Today’s Saint of the day is Stephen Pongracz, a Saint of the Catholic Church, a martyr, and a Hungarian Jesuit priest.
Brief History and Fun Facts
Besides being a saint of the Catholic Church, Stephen Pongracz was also a martyr and a Hungarian Jesuit priest. Stephen was born in Alvincz Castle in Transylvania Principality around the year 1582. In 1602, he entered the Society of Jesus and later studied in Australia and Bohemia. Stephen had already been ordained for four years when he accompanied fellow Jesuit Melchior Grodziecki for a mission in Kassa, Kingdom of Hungary (today’s Kosice, Slovakia). Pongracz could have lived a pleasantly honorable life in his native Transylvania. However, Stephen preferred to preach the Gospel in Prague, eastern Slovakia.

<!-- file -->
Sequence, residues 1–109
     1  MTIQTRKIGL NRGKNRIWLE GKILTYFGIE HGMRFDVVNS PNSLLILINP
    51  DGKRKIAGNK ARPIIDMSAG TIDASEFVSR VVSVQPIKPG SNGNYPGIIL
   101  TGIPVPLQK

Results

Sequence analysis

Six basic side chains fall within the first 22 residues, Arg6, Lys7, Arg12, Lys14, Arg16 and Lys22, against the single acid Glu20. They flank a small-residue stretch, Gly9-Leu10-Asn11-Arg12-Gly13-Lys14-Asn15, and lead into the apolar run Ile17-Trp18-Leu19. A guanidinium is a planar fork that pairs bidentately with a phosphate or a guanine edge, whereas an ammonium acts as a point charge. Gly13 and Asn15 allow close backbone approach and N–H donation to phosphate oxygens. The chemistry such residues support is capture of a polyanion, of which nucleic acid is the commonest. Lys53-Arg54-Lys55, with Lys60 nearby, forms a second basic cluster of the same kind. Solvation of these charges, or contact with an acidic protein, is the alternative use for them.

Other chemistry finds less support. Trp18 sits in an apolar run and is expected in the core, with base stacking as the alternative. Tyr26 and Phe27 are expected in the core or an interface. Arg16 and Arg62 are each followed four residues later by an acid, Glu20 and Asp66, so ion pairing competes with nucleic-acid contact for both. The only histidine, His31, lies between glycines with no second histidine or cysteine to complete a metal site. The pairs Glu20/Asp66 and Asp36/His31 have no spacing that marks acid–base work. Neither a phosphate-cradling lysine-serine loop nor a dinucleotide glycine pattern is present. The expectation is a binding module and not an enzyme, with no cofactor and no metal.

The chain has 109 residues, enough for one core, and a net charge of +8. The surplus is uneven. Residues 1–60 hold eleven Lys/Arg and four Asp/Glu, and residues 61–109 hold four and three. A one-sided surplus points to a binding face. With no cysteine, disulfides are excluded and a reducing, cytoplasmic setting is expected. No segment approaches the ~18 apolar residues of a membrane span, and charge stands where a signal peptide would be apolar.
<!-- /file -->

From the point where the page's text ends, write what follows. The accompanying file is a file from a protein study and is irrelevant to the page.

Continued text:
The two Jesuits (Stephen Pongracz and Melch and Melchior Grodziecki) worked in small towns when they learned that a Calvinist army was marching on Kassa. The Calvinist army was marching in an attempt to expand Gabriel Bethlen’s (Prince of Transylvania) territory. So, Stephen and Melchior returned to Kassa, where a diocesan priest, Fr. Marko Krizin, joined them. On September 5, 1619, the Transylvanian army took over the city and immediately confined Stephen Pongracz, Melchior Grodziecki, and Fr. Marko Krizin, the three priests, to the Jesuit residence.
On September 7, before dawn, soldiers broke into the three priests’ quarters and forced them to apostatize and acknowledge Calvinism. But the three priests rejected the soldiers’ demands, which led to the soldiers torturing them and ultimately beheading them. After negotiations with Gabriel Bethlen, the bodies of these three martyrs were recovered and buried in the vicinity of Kassa. The bodies were later moved to Nagyszombat, today’s Trnava, Slovakia, in 1636.